The chart above shows 2 possible worlds: A and Z. In A, everyone has really awesome lives. In Z, everyone has lives that are barely worth living, but there are way way more people in existence. Which is better? Most everyone, including myself, would agree that A is better.
Now consider the possible worlds shown above, represented in the same way as the first picture. How does A compare to A+? A+ takes the same people with the same quality of life as in A, and adds another equally-sized group of people with a lesser but still enjoyable quality of life. For simplicity, assume that the 2 groups of people are completely isolated and have no effect on each other. How would you compare those 2 worlds? Most everyone, including myself, would find it obvious that, at the very least, A+ is not worse than A. Merely adding people with enjoyable lives, as long as they don't reduce the quality of the previously existing people's lives, surely cannot be a bad thing.
What about comparing A+ and B? They both have the same number of people. Quality of life for those people is much higher than the lesser group in A+ but only slightly lower than the higher group in A+. So the average life is better than in A+. Most of us, including myself, would say that B is a better world than A+.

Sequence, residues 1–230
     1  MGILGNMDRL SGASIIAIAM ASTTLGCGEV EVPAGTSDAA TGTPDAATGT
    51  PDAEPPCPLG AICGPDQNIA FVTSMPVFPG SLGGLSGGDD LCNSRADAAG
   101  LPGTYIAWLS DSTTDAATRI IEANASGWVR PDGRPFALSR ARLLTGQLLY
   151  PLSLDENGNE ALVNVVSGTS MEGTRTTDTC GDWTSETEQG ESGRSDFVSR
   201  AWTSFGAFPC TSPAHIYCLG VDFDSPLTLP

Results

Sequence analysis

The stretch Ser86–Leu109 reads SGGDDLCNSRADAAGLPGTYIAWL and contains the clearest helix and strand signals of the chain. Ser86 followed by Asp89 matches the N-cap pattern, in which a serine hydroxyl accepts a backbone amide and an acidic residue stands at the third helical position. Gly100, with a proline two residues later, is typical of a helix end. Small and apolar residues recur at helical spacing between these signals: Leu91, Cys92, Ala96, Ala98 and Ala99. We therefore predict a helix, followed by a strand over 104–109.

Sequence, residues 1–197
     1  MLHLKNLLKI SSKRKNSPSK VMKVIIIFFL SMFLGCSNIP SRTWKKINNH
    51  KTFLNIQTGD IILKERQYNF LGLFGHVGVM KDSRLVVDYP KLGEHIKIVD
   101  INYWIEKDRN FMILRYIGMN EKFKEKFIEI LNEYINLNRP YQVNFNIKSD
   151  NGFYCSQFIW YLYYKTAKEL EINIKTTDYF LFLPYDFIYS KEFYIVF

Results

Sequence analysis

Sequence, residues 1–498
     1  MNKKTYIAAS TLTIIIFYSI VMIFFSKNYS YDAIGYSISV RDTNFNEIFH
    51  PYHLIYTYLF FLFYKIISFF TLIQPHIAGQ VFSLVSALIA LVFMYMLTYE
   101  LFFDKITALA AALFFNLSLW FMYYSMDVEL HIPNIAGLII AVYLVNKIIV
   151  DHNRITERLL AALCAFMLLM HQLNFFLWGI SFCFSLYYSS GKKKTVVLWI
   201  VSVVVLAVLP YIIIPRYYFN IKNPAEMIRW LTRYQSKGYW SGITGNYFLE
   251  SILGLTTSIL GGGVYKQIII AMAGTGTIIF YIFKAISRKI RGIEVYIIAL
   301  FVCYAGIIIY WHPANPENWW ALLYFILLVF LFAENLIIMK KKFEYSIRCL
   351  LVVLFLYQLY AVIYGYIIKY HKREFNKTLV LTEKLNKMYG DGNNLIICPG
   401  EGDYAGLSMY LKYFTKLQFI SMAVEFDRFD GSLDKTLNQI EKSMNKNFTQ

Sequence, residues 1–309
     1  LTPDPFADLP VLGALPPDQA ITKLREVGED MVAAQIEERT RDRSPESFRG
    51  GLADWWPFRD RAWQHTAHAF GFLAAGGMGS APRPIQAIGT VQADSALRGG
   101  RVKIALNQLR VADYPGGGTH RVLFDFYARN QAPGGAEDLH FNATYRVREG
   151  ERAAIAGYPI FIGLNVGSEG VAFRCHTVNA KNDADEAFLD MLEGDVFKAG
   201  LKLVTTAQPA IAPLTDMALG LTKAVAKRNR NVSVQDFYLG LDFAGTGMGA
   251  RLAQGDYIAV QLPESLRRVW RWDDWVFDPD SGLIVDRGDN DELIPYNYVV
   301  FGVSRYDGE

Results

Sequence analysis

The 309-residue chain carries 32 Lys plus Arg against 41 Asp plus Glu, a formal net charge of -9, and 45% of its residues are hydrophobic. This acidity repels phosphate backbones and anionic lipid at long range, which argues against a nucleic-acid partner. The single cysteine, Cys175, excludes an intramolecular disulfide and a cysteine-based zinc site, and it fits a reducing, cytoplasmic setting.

So we've decided that A > Z, A+ >= A, and B > A+. Do you see the problem? If B > A+ and A+ is not worse than A, that logically means that B > A. And if you keep increasing the population and rebalancing from B, the same way you moved from A to B, you can get to Z... where there are a whole lot of people with lives barely worth living. We intuitively feel that Z is worse than A. But our intuitions on some other scenarios imply the opposite. So we have a contradiction. Which of our intuitions are incorrect?
It may be simpler to imagine, and with similarly disturbing results, to apply this same line of thought to 1 person's life, where expanding horizontally in the graphs above is adding more years to their life rather than adding more people.
I used to think utilitarianism, while difficult in practice, was extremely simple in theory. I guess not.